Just which decade is coming back? Is it the '60s or is it really the late '50s? And surely those Norma Kamali bell-bottoms and crop tops are straight out of the '70s. And what's this about long, full-skirted dresses from the '40s being the new cutting edge?
Just where is spring fashion going?
The answer: Just about anywhere you want.
No one silhouette dominates this season. Snug scuba dresses with big, bold zippers are just as influential as loose, silk tent dresses that camouflage it all.
The most prevalent hemline is above the knee, but the young and the trendy who've done the '60s micro mini trip have moved on to the post-war era of romantic cinched-waist dresses.
The most significant distinction to be made between this spring and last is the explosion of color. You could almost wear any style from any year, and as long as the colors were imaginatively juxtaposed, you'd be in style.
In living color. All-black dressing is starting to look very drab beside the newest color combinations of turquoise and lime and orange and fuchsia.
You'll also see plenty of bold orange and yellow reminiscent of the mod decade, and classic red, white and navy given a modern twist in Mondrian color blocking.
For those who just can't give up black, graphic black-and-white prints offer possibilities in checkerboards, stripes and polka dots.
Shades of pale. With so many bright shades competing for attention, pale colors have added impact this season, especially when accented with white stockings and accessories. (Sheer black hose may be flattering, but pale sheers and nude legs are looking a lot fresher this season.)
Dress-ing up. Since most women already have their share of short skirts and long jackets, designers are focusing their attention this season on the dress, offering the greatest selection in years. The leading favorite is the sheath, most
fashionably accompanied by a seven-eighths jacket, but chemises, trapezes and cropped shirtwaist dresses follow close behind.
Jackets required. Still. The big difference this spring, however, is that they're often longer, almost coat-length and worn over a dress rather than a skirt, but you'll see all lengths. The short boxy jacket over slim skirt is a popular silhouette that conjures up memories of Jackie O and is usually accompanied by strings of oversized pearls and demure little white gloves.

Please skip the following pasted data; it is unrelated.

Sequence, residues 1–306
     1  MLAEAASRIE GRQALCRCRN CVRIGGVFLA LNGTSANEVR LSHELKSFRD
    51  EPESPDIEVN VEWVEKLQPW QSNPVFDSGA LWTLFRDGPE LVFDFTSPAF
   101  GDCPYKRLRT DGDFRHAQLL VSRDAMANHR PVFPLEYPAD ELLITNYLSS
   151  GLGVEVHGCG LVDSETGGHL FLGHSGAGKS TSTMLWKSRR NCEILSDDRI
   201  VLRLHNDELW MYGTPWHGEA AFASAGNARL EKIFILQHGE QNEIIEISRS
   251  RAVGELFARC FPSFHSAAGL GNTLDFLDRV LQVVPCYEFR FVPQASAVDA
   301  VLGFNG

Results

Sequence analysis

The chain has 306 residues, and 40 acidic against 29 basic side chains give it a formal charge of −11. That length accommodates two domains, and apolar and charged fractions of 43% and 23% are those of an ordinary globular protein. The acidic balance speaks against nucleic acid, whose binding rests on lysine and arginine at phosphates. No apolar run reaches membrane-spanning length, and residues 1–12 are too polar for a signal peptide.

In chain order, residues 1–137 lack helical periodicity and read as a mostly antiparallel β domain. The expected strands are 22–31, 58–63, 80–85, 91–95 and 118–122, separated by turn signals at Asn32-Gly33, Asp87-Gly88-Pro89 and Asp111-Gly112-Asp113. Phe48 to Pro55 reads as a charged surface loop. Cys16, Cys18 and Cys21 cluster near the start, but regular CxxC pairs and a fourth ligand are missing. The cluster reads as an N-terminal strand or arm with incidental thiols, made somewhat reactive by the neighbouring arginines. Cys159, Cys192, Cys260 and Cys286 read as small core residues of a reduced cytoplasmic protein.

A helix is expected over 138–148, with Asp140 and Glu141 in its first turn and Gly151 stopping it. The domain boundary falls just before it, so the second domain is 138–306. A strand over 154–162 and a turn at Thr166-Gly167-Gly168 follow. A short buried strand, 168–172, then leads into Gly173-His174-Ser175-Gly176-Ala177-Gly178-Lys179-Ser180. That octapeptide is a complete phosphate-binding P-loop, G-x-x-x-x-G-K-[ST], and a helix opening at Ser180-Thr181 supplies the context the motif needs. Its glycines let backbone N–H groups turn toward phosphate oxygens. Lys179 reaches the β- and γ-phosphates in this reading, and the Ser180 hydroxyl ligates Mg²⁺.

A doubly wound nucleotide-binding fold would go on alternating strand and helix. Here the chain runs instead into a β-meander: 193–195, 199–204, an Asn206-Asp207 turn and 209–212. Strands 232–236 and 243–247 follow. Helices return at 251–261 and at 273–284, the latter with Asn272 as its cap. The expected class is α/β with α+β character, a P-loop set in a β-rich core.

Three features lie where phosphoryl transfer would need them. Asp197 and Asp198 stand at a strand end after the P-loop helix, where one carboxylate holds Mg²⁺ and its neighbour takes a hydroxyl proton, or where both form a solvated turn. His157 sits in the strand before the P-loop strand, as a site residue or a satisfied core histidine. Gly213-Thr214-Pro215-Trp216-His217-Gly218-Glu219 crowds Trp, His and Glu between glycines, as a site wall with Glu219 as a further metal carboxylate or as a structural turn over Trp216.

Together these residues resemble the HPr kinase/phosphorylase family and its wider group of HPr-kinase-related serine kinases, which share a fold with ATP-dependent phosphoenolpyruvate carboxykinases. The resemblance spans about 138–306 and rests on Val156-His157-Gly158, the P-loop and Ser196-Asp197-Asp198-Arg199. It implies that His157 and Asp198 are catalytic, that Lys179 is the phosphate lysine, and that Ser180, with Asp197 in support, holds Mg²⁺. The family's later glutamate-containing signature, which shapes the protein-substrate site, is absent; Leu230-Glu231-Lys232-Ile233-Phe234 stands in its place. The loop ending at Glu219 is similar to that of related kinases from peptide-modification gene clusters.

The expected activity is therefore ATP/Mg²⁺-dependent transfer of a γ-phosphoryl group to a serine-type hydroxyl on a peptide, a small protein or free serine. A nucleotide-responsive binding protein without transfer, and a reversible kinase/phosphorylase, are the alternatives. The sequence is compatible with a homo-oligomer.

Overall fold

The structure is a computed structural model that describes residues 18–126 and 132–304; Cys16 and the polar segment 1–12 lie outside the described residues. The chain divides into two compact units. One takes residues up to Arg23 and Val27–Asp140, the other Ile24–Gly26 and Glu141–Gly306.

Who's wearing the pants? Quite a few women are, but no revolutionary changes have taken place. Sleek and slim still holds center court, and leggings refuse to disappear. The newest twist is to combine pants with a printed tunic or shirt with the tails worn out.
Somebody must be wearing shorts to the office, because designers keep making them, and you'll see even more shorts for evening wear. This summer's newest twist is the short-all or romper.
Coming up daisies. And sunflowers and roses, but all with a bold flourish, as prints return, looking especially effective in the simple, clean silhouettes.
Lots of Pucci-like prints can still be found, joined now by psychedelic swirls and op art.
Patchwork and embroidery decorate many weekend outfits, and sexy Brigitte Bardot gingham and eyelet makes a return.
Take a plunge. Across the aisle from the ladylike suits and pearls, you'll be seeing scuba-inspired apparel, snug and sexy, conjuring up visions of Emma Peel in dresses and tunics and bike shorts. At Chanel, the look was done in bright blue sequins, and at Donna Karan, in stark white.
Taking cover. Remember the slicker and how it brightened up the cloudiest day? It's back, in sunny shades of red and yellow and sometimes looking rather whimsical in clear vinyl. Short, belted trench coats and A-line trapeze coats are other new rainwear options.
Open season. Crochet, lace and mesh fabrics offer new options for layering over little tank tops and slip dresses, and you'll even see mesh and fishnet stockings.
Lycra adds stretch to nearly every fabric a designer could want, but the other extremes are also represented in the popularity of crisp white pique and languid washed silk.
Night lights. Clever cutouts give an edge to this spring's party clothes. The bare shoulders and slip tops continue, but geometric back cutouts are the newest way to bare. Watch for lots of all-white and brights as black takes a back seat. And sequins? They keep on flashing.
An eye for detail. Accessories offer the quickest and safest way to try out spring's most far-fetched looks.
A pair of fishnet stockings can instantly update an outfit if the right dress is chosen, or how about a chain belt, a pair of daisy earrings, a handbag color blocked in red, white and blue or even a scarf in an op art print.
If you're not up for a jacket or skirt in patent leather, try a headband.
The shoe of the moment, the backless mule, is impractical, but it's an overwhelming favorite in every hue.
Handbags tend to be structured and geometric in shape.
Jewelry is no longer piled on, but cuff bracelets, worn in multiples of varying size, are the exception. You'll still see drop earrings of moderate length, but button shapes are definitely on the rebound.